NEW YORK (Reuters) - A big-budget Broadway musical adaptation of the classic celebration of eccentricity and morbidity, "The Addams Family," was panned by critics on Friday as bland and boring.
The production, which opened on Thursday, stars Nathan Lane as Gomez and Bebe Neuwirth as Morticia. It derives from Charles Addams' New Yorker cartoons that also inspired the 1960s television series and two 1990s movies.
"You'll laugh a lot, though never during the unmemorable songs, which are supposed to be funny but aren't," said The Wall Street Journal. "You're more than likely to spend a considerable part of the evening wondering how much the set cost."
Critics said an accomplished cast could not rescue generic, bland musical numbers and predictable jokes.
Lane has performed in a string of Broadway hits but is perhaps best known for his starring role as Max Bialystock in the musical "The Producers."
Neuwirth starred in the television series "Cheers" which ran from 1982 to 1993 and occasionally appeared on its spinoff "Frasier."
The New York Times said: "Being in this genuinely ghastly musical ... must feel like going to a Halloween party in a strait-jacket or a suit of armor.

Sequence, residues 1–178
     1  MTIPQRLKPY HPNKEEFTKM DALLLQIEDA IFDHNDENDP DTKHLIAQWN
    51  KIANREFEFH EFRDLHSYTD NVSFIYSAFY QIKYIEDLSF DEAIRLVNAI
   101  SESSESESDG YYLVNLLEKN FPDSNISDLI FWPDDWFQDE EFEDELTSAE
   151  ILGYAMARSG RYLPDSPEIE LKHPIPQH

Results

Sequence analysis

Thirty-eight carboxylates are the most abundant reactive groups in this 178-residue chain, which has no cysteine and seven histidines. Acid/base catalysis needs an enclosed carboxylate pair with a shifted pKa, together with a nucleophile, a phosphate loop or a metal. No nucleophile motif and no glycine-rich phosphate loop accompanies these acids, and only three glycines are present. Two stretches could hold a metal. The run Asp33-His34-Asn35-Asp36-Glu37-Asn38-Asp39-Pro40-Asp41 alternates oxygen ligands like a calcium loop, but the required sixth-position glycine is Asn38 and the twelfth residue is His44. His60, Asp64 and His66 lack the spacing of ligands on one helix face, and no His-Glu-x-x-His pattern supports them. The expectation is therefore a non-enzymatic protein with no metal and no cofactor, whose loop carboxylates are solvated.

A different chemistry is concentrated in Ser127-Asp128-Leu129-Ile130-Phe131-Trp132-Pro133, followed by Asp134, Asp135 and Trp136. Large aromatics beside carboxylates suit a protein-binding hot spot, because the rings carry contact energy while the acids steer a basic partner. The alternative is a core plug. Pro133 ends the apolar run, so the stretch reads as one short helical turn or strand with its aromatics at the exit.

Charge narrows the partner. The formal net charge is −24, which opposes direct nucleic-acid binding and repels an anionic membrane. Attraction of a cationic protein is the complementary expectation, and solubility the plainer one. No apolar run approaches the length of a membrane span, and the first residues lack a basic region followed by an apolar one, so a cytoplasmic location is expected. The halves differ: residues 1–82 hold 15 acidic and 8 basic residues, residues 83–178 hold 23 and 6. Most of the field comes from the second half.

"Why, you can barely move, and a strangled voice inside you keeps gasping, 'He-e-e-lp! Get me out of here!'"
Critics also scorned the show's attempts to develop themes of love and acceptance centered around Wednesday Addams, rather than celebrating the family's freaky frolics.
"Mostly, 'Addams' Just Festers," said the New York Daily News, punning on the name of Uncle Fester, one of the family's oddball members.
Lane and Neuwirth managed to escape most of the critics' brickbats. USA Today said Lane's performance was the best reason to see the show.
"The Addams Family" originally appeared as a series of single panel cartoons by American Charles Addams published from 1938. Addams died in 1988.
Reporting by Christine Kearney; Editing by Ellen Wulfhorst and Alan Elsner